When I was 16, I was diagnosed with polycystic ovary syndrome (PCOS). While I had the heavy periods and (much to the concern of my self-conscious teenage self) dark hair around my stomach and nipples, I didn't display any of the other traditional symptoms, though my constant fear of a sudden heavy blood flow and concern over my dark hair in unusual places was enough to send me to the doctor's office. The Mayo Clinic defines PCOS as "a hormonal disorder common among women of reproductive age." It's typically characterized by cysts in the ovaries, high levels of male hormones, and irregular or skipped periods. Camille Clare, MD, MPH, CPE, FACOG, Associate Professor of Obstetrics and Gynecology at New York Medical College, said that the main symptoms are changes in hair growth or acne, menstrual irregularities, problems with ovulation, and infertility. According to Dr. Clare, 80 percent of patients will exhibit obesity, excess hair growth, acne, skin change, and ovarian cysts. But at this point in my diagnosis, I wasn't affected by most of these symptoms, and they didn't affect me for most of my 20s, either.
Like a lot of women, I gained weight during my first pregnancy. However, during my postpartum period, I found myself gaining weight at an alarming rate, though I made no changes to my diet. My periods also became so heavy they were difficult to manage, and the hair growth, which had previously been limited to a few stray black hairs in unwanted places, became a barrage of thick, black hair everywhere (medically, it's called hirsutism). I visited my doctor, who didn't seem particularly interested or concerned about my plight. I was told I was likely insulin resistant due to the weight gained during my pregnancy, which in turn had exacerbated my symptoms. Beyond this, no plan or advice was offered, and I was sent away feeling very unsupported, and highly self-conscious. I came to learn that there's not a lot of research or information on the effects pregnancy has on PCOS, but doctors theorize the change in symptoms has to do with the hormone changes associated with pregnancy. Sometimes, like in my case, symptoms change for the worse.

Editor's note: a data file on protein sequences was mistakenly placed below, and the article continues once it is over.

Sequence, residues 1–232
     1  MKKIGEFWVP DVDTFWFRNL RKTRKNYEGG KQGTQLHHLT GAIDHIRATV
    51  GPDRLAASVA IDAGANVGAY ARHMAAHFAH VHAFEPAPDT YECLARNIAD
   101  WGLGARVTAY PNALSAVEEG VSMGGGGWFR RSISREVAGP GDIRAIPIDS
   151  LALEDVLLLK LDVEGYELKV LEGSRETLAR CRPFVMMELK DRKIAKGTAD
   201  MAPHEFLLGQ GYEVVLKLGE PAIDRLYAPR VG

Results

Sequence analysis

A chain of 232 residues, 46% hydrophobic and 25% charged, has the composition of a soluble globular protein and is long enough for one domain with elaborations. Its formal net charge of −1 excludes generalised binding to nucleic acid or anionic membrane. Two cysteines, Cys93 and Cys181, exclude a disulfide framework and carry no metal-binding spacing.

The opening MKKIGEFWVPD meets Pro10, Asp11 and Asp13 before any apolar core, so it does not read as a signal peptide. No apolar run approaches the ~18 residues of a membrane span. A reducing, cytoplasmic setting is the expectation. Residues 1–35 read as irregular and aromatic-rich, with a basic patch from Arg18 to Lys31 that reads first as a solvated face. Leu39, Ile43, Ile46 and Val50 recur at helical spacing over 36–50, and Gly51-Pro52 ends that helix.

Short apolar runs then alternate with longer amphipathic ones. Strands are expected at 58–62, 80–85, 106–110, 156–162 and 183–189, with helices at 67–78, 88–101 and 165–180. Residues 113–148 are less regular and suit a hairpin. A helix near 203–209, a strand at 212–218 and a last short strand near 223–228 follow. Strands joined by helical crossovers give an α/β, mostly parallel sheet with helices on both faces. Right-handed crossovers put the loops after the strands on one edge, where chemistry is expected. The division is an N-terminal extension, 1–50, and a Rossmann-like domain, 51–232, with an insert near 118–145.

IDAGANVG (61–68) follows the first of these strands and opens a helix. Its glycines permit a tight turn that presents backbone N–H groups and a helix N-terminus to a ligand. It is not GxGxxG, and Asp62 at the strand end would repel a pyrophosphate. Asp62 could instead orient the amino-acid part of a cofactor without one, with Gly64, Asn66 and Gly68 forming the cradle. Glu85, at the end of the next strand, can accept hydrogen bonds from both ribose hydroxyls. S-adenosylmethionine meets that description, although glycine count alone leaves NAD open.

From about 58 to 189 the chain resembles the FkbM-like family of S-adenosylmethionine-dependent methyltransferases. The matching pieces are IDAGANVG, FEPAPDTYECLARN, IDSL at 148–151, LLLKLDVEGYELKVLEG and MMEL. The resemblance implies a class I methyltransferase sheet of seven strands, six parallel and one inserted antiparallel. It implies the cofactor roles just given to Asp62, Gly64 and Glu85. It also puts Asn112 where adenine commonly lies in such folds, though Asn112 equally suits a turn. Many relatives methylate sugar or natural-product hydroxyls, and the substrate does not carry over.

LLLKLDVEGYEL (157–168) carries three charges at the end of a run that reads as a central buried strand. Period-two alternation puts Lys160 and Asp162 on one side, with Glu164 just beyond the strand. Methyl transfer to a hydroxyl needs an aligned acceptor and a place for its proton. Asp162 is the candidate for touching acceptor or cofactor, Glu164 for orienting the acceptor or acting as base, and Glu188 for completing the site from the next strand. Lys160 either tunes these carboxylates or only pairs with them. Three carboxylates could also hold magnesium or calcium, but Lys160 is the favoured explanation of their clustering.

According to the National Institute of Diabetes and Digestive and Kidney Diseases, insulin resistance is "when cells in your muscles, fat, and liver don't respond well to insulin and can't easily take up glucose from your blood." In order to combat this, your body produces more insulin, which makes losing weight incredibly difficult. As I quickly learned, it's easy to get caught in a cycle of needing to lose weight and making very little progress. I was struggling to lose any weight at all. (According to Dr. Clare, women should wait to be tested for insulin resistance until at least six weeks after having their baby in order to accurately evaluate the potential worsening of PCOS symptoms. If this had been my route, it would've saved me a lot of stress and pain.)